I took these photos in Dec 2008 and originally posted them elsewhere, but it’s that time of year when Wigeon are piling into the UK, so why not highlight them again…
Eurasian Wigeons are similar in size and bulk to American Wigeons (a little smaller generally but there is considerable overlap), and the small number of UK breeding pairs (approx 300-500) are hugely augmented by winter visitors from Iceland, Scandinavia and Russia: at their peak as many as 400,000+ will be in the UK.
At Slimbridge Eurasian Wigeon start arriving early in the winter and numbers often reach 3000+. They feed mostly on the short grass areas between the River Severn and the Headquarters itself, but are often spooked up by hunting Peregrine Falcons Falco peregrinus and Northern Sparrowhawks Accipiter nisus when entire flocks lift up and seek sanctuary on the flooded areas in front of the main hides when good views are more or less guaranteed!
Eurasian Wigeons, Slimbridge feeding on seasonally-flooded meadows (the dark birds in the foreground are mainly Jackdaws Corvus monedula, and note the Eurasian Curlew Numenius arquata flying top right)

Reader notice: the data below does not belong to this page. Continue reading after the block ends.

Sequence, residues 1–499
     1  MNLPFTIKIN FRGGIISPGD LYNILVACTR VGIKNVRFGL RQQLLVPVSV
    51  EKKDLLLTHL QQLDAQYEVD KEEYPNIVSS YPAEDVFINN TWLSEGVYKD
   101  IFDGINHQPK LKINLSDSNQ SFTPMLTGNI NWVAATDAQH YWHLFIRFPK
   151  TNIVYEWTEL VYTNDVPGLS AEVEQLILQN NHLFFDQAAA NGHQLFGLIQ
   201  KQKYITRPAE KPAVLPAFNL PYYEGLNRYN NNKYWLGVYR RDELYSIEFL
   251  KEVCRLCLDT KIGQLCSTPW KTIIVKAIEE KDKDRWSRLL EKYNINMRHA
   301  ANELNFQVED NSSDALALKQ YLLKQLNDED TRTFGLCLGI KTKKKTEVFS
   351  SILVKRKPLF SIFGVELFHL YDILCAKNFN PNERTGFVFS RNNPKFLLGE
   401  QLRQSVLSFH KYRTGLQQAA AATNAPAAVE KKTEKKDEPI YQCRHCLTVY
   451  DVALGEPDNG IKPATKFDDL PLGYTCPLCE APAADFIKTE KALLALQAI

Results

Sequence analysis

(The other species in this photo? Northern Lapwings Vanellus vanellus)
Note the yellow forehead blazes, striking white bellies and black-and-white specula on these flying birds (which were put up by a passing Sparrowhawk). This species also shows grey axilla and underwings unlike the whiter underwings of A americana.
Pair of American Wigeons A. americana, Bolsa Chica (California), December. Note whiter underwings than A. penelope
A typical flock of adult Wigeons, though note the bird lower centre which is a male moutling out of eclipse plumage.
Unlike most ducks in the UK Eurasian Wigeons will soon drift back onto the land to feed (note the male Common Teal Anas crecca feeding mid-left in the photo above).
Note that typically a small number of male birds will show a greenish wash to the ear-coverts. This doesn’t appear to be linked to hybridisation.
All photos copyright Charlie Moores 2008.